Tech luminaries honor database god Jim Gray
A tribute, not a memorial
The tribute detailed Gray's entire career from his days as the first computer science PhD at Berkeley, to his stints at IBM, Tandem, and DEC, to his most recent work at Microsoft's Bay Area research lab. And each speaker - including Microsoft Research founder Rick Rachid; DEC/Microsoft legend C. Gordon Bell; and Ingres founder Mike Stonebraker - painted the database pioneer as one of the industry's great minds. But in a constant echo of those words from Vaskevitch, praise for Gray the computer scientist was inevitably dwarfed by praise for Gray the man.
"Over the years, I would frequently talk about Microsoft Research and about Jim and about our research lab in the Bay Area, and I always said the same thing," Rachid told an audience of several hundred at Berkeley's Zellerbach Hall. "I would say 'Jim is the kind of person you'd want your child to be like.'
"We all want to see our children grow up to accomplish something. We want to see them have an impact on the world. But we also want to see the exemplify human values. We want to see them be kind and generous and thoughtful of others.
"Jim was incredibly smart, incredibly accomplished. But at the same time, he was thoughtful. He was an unassuming person. He was incredibly generous. I think it says something about Jim that in almost all the conversations I remember having with him, he was talking about someone else. He was talking about someone else's accomplishments and someone else's problems and what we could do to solve them."
To be sure, it's no small feat that the man overshadows the researcher. In the words of Bruce Lindsay - who worked alongside Gray on the "System R" project at IBM Research - Gray's transaction processing work is "the key to life as we know it." And this was only a slight exaggeration.
Gray's famous criteria for online transactions - atomicity, consistency, isolation, and durability (ACID) - underpin everything from online banking, booking, and billing to the so-called war on terror. "The No-Fly List," Lindsay said. "Brought to you by Jim Gray." Those fundamental concepts ensure that modern databases play well with one another - and typically recover from hardware failure.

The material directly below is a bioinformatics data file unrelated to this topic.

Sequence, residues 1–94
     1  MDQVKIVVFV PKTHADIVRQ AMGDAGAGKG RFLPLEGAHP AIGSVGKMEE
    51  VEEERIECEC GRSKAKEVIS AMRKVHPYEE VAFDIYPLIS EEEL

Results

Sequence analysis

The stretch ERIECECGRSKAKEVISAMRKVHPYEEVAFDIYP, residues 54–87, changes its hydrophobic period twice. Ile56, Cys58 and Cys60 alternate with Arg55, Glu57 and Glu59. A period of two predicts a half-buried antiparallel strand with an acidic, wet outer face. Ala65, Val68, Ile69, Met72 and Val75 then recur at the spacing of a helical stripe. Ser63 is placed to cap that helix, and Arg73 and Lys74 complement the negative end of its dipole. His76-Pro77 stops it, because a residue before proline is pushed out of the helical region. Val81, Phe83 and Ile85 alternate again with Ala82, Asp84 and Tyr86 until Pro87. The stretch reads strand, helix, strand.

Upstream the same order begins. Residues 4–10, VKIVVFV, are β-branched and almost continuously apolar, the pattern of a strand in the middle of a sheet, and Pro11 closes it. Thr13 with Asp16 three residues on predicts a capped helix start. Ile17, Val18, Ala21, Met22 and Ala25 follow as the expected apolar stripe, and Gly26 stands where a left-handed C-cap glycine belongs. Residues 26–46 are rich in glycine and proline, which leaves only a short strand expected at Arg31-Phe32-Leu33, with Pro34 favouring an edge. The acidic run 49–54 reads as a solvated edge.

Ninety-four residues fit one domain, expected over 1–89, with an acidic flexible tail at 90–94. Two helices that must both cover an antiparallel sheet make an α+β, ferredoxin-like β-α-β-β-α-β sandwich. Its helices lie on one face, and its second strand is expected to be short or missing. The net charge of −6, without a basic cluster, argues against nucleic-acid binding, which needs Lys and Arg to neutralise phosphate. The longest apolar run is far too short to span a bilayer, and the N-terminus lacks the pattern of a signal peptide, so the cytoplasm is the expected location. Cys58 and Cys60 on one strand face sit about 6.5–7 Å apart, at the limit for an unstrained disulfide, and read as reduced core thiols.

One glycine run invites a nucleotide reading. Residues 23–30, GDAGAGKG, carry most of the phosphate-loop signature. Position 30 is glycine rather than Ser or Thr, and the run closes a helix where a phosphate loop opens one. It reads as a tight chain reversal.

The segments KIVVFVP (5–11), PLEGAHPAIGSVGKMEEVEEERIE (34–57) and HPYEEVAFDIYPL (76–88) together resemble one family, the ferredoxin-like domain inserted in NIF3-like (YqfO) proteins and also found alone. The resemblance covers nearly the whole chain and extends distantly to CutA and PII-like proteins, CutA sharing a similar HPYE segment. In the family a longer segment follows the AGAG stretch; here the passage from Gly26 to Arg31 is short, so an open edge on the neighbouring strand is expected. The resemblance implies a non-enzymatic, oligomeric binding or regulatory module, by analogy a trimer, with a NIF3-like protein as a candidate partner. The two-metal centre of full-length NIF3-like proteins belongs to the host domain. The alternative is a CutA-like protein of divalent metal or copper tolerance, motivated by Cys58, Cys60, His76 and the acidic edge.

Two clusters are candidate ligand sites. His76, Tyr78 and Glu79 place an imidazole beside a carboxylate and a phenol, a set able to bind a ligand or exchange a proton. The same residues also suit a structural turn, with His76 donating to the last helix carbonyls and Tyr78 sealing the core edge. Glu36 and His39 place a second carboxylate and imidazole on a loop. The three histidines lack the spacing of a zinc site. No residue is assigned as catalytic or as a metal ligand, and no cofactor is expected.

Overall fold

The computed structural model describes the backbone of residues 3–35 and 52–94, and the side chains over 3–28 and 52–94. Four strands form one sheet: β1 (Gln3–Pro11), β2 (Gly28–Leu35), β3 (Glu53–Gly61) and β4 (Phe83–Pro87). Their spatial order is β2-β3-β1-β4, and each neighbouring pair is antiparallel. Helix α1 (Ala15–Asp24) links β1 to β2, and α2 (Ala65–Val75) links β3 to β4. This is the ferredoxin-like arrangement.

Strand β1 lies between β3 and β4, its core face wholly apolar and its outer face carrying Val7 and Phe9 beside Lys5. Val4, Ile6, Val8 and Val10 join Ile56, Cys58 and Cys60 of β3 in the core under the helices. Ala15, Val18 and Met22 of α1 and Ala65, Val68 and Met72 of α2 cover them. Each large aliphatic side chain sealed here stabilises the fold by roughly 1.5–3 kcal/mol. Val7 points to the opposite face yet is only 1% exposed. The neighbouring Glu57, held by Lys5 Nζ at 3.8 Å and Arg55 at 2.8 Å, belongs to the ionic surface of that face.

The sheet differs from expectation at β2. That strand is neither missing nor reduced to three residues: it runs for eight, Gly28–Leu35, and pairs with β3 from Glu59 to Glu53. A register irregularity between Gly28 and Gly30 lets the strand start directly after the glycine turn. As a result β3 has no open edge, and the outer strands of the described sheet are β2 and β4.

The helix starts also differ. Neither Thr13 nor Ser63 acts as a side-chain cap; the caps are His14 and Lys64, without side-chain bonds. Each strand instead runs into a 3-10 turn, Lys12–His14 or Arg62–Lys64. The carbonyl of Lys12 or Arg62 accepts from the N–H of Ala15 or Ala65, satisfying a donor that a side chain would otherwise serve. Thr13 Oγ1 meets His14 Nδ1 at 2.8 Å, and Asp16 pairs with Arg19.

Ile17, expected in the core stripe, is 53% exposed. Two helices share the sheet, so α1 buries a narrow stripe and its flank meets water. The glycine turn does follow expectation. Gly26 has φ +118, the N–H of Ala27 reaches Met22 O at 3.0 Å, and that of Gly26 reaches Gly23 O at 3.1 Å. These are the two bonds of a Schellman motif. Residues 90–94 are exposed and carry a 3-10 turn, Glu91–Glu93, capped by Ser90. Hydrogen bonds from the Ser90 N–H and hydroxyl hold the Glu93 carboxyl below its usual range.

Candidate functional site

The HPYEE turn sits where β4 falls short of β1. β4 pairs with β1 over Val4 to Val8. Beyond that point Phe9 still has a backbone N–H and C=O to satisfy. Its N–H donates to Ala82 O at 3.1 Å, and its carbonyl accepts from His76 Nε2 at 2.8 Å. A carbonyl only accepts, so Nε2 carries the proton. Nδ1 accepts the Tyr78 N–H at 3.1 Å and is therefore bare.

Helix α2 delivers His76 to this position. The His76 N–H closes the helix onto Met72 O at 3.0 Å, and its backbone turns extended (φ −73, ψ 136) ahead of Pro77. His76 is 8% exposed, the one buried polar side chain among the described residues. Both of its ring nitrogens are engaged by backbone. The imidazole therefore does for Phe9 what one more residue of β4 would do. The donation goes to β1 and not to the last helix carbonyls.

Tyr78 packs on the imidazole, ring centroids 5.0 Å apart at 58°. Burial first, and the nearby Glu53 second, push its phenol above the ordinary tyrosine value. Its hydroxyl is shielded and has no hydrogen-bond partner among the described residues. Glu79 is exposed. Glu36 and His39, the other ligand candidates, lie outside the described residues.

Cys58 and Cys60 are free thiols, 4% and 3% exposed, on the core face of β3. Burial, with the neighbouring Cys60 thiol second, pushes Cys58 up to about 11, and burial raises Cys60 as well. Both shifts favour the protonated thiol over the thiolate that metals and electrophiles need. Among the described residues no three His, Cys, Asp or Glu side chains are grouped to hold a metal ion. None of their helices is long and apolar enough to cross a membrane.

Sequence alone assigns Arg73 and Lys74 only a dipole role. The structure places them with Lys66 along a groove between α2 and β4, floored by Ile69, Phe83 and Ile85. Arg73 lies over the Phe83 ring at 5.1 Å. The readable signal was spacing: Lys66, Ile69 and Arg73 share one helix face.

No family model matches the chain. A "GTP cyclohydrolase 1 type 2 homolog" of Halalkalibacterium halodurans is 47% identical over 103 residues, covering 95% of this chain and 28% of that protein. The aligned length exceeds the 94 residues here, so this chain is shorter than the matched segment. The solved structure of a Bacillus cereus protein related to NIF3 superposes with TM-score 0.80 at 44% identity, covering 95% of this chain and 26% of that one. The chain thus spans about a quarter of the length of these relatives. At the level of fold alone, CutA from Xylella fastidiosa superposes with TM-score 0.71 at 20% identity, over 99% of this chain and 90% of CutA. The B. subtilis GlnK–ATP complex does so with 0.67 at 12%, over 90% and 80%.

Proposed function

"Jim's major contribution was to performance and efficiency," Mike Stonebraker explained. "He figured out fast mechanisms to guarantee [reliable databases]." In 1976, Gray co-wrote a paper with other IBMers that first defined these ubiquitous database algorithms, and in 1992, together with German researcher Andreas Reuter, he published the field's 1,124-page magnum opus: "Transaction Processing: Concepts and Techniques.
And that was just a start. Jim Gray joined Microsoft Research in 1995 - after Rachid opened that Bay Area outpost just for him - and it was there he helped launch TerraServer, a massive online repository of aerial and satellite imagery. Once again, he was ahead of the curve. TerraServer would eventually give rise to Microsoft Virtual Earth.
"I always think into the future, but no matter how Jim was always one step ahead of me," said Vaskevitch. "We wanted to build a really, really, really big database and project it out onto the web, and he decided to build it around satellite imagery that would let you see the earth's entire surface.
"At the time, I thought this was - I wouldn't say crazy, but I would say not all that relevant. Of course, today, everyone is used to the fact that you can sit down - even with a cell phone - and look down on a picture of your own house."
Such technology would also drive the search for Jim Gray and Tenacious. On the Thursday following his Sunday disappearance, the Coast Guard finally called off its boats and planes, which had combed over 132,000-square-miles of ocean. But the hunt was continued by literally thousands of friends and admirers - volunteers who who spent the next three weeks poring over satellite images of the waters off San Francisco Bay.
But as ex-Oracle VP Mike Olson explained at Saturday's tribute, this effort exceeded the bounds of TerraServer, Virtual Earth, and Google Earth, which rely so heavily on older images. "Satellite imagery is hard to get and hard to use," said Olson, who led the amateur search. "But Jim's high-powered group of friends included people who could re-target satellites, who could move them into new orbits and have them look down on new areas."
The search wasn't successful. But it too was a tribute to Jim Gray, painting much the same picture that Vaskevitch's paints. "Those three weeks were among the most intense and meaningful of my personal and professional life," Olson said. "I didn't like it. But I wouldn't have missed it for the world."
Video of the Jim Gray Tribute will soon be available here. ®